7. Chuck2009x

    Chuck2009x VIP Whale

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    The house edge in Baccarat is a little over 1%

    But the hold is way higher.

    I've heard Steve Wynn on conference calls say their expected hold on bacc is around 25%. It usually comes up when they have either good or bad results for a quarter due to the hold from various games deviating from the expected.
     
  8. alanleroy

    alanleroy Tourist

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    Mark Haines never backed away from the tough questions. RIP.
     
  9. grosx2

    grosx2 VIP Whale

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    No. The player and banker bets each have a house edge of slightly over 1%. The 2% overall hold comes from the small percentage of tie bets placed, at a house edge of about 14%. One casino could deviate from this in the short term due to the success, or lack thereof, of several whales, but over time the house hold will regress to the mean. You said it yourself...."good or bad results"....baccarat is essentially a coin flip, so how could it tilt so far in the casinos favor (25%) over the long term? It can't.
     
  10. NickyDim

    NickyDim VIP Whale

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    If each hand has a house edge of over 1% but the player plays for 2 hours, that 1% gets compounded over and over and over and the players original buy in/cash out could easily reflect 25% losses.

    Slots are a great example. You put a $20 in a slot machine that has a 10% rake. If you went thru that $20 once you could theoretically have $18, put that $18 through and you now have $16.10...and so on until you have nothing left.

    House edge and expected hold (house take) are too different references.

    In August 2013, Bally's AC Blackjack handled $16,276,819 but shows a win of $2,314,370 or 14.2% but everyone tells you BJ is a 2% game. source
     
  11. Chuck2009x

    Chuck2009x VIP Whale

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    Because people bust out.

    This is Steve Wynn on the 2Q2012 conference call, explaining why their results were so bad compared with the same quarter in the previous year. After that earnings release, the stock dipped into the mid 90's, which also happened to be during a Vegas trip, and I bought some.

    Stephen A. Wynn - Founder, Chairman, Chief Executive Officer, Chairman of Wynn Macau Limited and Chief Executive Officer of Wynn Macau Limited

    Hello, and good afternoon, everybody. I appreciate Linda staying up so late in Macau. I think we have everybody here to answer questions. I'll make a couple of summary remarks. First, Las Vegas.

    Last year, we -- I've mentioned before, we enjoy a great deal of very high limit Baccarat business. And that high play tends to be volatile. In the long run, not so much. But in the short run, it can be. For example, last year, during the 6 months, the first 6 months of the year, winners. That is to say, people who won money from the casino were outnumbered by the losers. The losers were outnumbered by the winners. And that is to say, the amount of money we paid to people who beat us, compared to the amount of money of folks who lost money to us was a positive for the company of $150-odd million.

    This year, the people who won money in the casino were much more, and the people who lost money to the casino were less, and the delta was $38 million. That is to say, there was $112 million difference in 6 months in the win of the casino associated with high limit Baccarat.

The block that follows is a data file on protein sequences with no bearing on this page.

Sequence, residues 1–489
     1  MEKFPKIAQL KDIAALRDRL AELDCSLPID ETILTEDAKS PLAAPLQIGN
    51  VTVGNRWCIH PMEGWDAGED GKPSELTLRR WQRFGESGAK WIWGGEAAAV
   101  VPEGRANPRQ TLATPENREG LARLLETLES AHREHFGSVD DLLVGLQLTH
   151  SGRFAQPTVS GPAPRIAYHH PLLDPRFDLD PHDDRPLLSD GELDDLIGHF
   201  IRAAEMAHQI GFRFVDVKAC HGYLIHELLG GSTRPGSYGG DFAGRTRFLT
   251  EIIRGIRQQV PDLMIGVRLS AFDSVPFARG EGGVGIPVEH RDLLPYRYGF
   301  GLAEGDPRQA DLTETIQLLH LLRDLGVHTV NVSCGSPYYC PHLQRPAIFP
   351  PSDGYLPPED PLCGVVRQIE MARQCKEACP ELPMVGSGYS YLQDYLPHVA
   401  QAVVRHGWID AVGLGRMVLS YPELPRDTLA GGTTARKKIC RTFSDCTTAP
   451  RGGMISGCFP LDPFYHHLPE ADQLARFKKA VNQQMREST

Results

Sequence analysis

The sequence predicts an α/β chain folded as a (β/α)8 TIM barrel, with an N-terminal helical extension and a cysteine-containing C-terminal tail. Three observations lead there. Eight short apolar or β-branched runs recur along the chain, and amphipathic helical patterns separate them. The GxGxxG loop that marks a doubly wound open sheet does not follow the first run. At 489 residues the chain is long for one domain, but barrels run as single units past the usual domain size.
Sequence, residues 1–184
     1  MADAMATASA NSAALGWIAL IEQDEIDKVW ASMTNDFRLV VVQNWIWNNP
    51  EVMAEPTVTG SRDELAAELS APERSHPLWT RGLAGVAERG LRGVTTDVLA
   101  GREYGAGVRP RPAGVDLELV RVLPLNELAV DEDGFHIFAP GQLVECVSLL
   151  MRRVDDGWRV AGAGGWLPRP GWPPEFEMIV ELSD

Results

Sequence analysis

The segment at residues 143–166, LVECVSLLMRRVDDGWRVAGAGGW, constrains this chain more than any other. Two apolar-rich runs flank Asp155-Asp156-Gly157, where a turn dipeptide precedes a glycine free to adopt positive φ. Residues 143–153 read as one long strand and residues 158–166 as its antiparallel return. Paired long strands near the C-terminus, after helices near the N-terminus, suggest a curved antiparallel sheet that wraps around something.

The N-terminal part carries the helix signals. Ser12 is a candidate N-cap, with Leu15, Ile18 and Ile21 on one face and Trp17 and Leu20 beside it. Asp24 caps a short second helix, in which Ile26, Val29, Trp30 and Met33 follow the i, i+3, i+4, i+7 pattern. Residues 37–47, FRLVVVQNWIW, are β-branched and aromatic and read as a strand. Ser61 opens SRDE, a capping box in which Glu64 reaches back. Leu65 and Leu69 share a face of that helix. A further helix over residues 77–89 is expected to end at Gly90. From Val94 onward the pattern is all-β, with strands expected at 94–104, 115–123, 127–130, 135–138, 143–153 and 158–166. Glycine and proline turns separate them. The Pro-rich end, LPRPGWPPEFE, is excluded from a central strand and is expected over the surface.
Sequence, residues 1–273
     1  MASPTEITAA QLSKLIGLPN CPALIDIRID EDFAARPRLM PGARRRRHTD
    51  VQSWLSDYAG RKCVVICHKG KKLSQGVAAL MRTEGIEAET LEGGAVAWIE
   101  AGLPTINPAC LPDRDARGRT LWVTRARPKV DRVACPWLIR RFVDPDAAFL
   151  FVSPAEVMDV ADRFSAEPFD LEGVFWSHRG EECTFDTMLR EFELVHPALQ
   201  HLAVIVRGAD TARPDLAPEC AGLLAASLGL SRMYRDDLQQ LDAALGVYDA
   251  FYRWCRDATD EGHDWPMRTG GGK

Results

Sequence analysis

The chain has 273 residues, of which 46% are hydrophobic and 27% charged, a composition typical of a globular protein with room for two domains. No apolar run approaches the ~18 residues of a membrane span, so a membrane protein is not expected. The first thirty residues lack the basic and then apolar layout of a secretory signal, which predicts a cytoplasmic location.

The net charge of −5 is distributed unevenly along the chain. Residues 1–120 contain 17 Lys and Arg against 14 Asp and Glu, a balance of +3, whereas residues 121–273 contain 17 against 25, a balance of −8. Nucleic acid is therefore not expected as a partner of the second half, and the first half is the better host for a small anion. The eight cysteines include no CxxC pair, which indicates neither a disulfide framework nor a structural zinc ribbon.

Last year, we held 37% or something like that. And this year, it's 17%. Normalized, it's about 26% for that gain. So when you normalize everything, the trend in Baccarat, Marc will remind me, in 2010, high limit Baccarat won how much, Marc?
     
    Last edited: Sep 13, 2013
  12. tringlomane

    tringlomane STP Addicted Beer Snob

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    As others have mentioned, you are confusing "house edge" with "hold". Hold = table drop / chips bought at table. Casinos use hold because tables aren't electronic enough to track all wagers.

    For table games, this is often between 15 to 30%. It varies based upon the game's house edge plus how much players buyin at the table and how long they play on their stake.

    For example, if you play $10 blackjack with an average 1% house edge for 120 hands on a $100 buyin, then the casino's average hold on that buyin would be: $10*0.01*120/$100 = 12%. Play twice as many hands on that $100, then the average hold doubles to 24%.
     
  13. grosx2

    grosx2 VIP Whale

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    So then Loveman misspoke, and meant to say that the house edge on bacc is about 2%?
     
  14. 4Eyes

    4Eyes Low-Roller

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    Hold % = win/drop -- not to be confused with that house PC inherent with any particular game.

    I watched the Loveman interview. It appears he has finally discovered the use of a comb.
     
  15. tringlomane

    tringlomane STP Addicted Beer Snob

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    I would think so, but I watched two snippets of the interview and missed the baccarat convo. Baccarat has a hold comparable to blackjack. It's usually a bit more because of the higher edge.

    For the last 12 months at big (>$72M annual revenue) strip casinos:
    Blackjack: 10.41% hold
    Baccarat: 12.30% hold
    Craps: 13.17% hold

    The "carny" games all hold over 20%, closer to 25 to 30%.